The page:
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When analyzing real-world data it is common to work with event ensembles, which comprise sets of observations that collectively constrain the parameters of an underlying model of interest. Such models often have a hierarchical structure, where "local" parameters impact individual events and "global" parameters influence the entire dataset. We introduce practical approaches for optimal dataset-wide probabilistic inference in cases where the likelihood is intractable, but simulations can be realized via forward modeling. We construct neural estimators for the likelihood(-ratio) or posterior and show that explicitly accounting for the model's hierarchical structure can lead to tighter parameter constraints. We ground our discussion using case studies from the physical sciences, focusing on examples from particle physics (particle collider data) and astrophysics (strong gravitational lensing observations).

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We present an alternative to reweighting techniques for modifying distributions to account for a desired change in an underlying conditional distribution, as is often needed to correct for mis-modelling in a simulated sample. We employ conditional normalizing flows to learn the full conditional probability distribution from which we sample new events for conditional values drawn from the target distribution to produce the desired, altered distribution. In contrast to common reweighting techniques, this procedure is independent of binning choice and does not rely on an estimate of the density ratio between two distributions. In several toy examples we show that normalizing flows outperform reweighting approaches to match the distribution of the target.We demonstrate that the corrected distribution closes well with the ground truth, and a statistical uncertainty on the training dataset can be ascertained with bootstrapping. In our examples, this leads to a statistical precision up to three times greater than using reweighting techniques with identical sample sizes for the source and target distributions. We also explore an application in the context of high energy particle physics.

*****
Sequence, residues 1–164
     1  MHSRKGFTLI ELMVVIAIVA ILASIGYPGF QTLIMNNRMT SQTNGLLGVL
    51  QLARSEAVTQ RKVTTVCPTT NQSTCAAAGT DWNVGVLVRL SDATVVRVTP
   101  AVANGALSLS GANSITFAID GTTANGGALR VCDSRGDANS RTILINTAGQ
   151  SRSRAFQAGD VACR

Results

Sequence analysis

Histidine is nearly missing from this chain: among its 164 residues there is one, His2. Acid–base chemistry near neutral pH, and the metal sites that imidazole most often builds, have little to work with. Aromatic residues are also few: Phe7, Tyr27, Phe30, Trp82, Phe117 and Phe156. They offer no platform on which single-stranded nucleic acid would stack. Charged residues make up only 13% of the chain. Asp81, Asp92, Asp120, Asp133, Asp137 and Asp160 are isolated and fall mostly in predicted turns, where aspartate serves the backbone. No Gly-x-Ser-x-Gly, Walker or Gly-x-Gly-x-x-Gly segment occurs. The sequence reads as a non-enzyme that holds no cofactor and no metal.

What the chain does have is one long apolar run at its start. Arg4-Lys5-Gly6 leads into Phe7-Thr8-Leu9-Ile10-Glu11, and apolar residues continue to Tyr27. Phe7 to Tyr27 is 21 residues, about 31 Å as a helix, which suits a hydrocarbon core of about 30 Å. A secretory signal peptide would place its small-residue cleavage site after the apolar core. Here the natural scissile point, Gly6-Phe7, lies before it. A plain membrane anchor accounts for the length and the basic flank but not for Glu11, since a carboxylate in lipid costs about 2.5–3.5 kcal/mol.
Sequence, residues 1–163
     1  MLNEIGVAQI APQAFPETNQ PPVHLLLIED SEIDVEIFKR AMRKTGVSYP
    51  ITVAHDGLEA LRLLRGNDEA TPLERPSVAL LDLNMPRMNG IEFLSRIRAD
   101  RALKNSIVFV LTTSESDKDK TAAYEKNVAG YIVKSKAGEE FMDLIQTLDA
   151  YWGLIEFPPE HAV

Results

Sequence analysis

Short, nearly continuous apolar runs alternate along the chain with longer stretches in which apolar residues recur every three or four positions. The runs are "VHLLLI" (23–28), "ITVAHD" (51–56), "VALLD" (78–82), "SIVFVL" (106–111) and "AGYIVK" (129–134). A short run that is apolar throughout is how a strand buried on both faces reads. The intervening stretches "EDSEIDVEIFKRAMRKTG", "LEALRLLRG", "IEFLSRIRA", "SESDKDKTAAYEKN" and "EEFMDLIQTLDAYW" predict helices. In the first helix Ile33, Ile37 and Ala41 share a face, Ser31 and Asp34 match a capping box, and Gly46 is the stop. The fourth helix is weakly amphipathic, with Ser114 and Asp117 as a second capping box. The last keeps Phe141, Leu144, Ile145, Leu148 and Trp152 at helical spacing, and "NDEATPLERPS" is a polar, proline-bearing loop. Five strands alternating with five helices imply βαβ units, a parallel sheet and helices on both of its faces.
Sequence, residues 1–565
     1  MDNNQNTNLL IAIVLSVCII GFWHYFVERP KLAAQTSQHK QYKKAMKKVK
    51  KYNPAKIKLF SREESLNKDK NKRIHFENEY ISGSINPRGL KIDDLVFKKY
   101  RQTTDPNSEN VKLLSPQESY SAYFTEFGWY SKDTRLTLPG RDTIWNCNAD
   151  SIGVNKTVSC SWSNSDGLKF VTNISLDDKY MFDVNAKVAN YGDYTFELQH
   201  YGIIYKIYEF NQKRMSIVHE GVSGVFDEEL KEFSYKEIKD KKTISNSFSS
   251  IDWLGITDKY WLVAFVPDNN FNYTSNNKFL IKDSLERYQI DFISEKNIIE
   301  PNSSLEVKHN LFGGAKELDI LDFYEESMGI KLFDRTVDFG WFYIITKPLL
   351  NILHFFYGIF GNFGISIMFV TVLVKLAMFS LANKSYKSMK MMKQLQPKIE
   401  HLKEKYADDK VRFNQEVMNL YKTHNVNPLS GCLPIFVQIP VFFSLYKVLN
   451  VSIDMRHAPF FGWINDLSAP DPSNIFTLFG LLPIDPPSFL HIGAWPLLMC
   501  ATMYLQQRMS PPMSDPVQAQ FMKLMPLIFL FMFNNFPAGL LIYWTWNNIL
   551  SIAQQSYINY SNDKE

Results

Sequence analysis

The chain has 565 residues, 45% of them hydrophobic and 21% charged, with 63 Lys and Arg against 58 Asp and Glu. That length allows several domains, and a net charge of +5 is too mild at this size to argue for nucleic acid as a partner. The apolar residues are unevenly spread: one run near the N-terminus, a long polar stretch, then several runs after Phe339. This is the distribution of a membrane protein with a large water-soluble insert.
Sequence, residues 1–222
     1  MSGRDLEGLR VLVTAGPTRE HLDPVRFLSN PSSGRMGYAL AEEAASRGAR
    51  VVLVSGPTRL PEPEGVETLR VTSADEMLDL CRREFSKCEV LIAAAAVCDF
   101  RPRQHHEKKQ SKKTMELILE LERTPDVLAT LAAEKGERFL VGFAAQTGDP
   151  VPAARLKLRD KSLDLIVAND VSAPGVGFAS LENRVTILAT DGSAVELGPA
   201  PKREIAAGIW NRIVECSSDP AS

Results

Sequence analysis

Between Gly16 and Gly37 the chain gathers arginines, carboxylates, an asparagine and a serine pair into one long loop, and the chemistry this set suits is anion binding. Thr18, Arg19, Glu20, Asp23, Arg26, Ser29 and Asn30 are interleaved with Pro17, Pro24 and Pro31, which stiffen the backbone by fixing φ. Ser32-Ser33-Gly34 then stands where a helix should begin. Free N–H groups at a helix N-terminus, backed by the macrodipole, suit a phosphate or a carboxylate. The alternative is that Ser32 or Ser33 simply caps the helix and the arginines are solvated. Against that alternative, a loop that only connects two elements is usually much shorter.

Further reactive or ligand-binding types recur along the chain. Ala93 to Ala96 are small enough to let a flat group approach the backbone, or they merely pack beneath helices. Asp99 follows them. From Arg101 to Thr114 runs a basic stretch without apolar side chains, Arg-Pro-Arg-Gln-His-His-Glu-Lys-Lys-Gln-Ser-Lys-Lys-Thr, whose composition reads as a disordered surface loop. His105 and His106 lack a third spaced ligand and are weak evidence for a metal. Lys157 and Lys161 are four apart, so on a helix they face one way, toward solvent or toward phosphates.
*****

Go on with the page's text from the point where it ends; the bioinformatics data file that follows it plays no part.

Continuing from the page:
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Stochastic simulators are an indispensable tool in many branches of science. Often based on first principles, they deliver a series of samples whose distribution implicitly defines a probability measure to describe the phenomena of interest. However, the fidelity of these simulators is not always sufficient for all scientific purposes, necessitating the construction of ad-hoc corrections to "calibrate" the simulation and ensure that its output is a faithful representation of reality. In this paper, we leverage methods from transportation theory to construct such corrections in a systematic way. We use a neural network to compute minimal modifications to the individual samples produced by the simulator such that the resulting distribution becomes properly calibrated. We illustrate the method and its benefits in the context of experimental particle physics, where the need for calibrated stochastic simulators is particularly pronounced.

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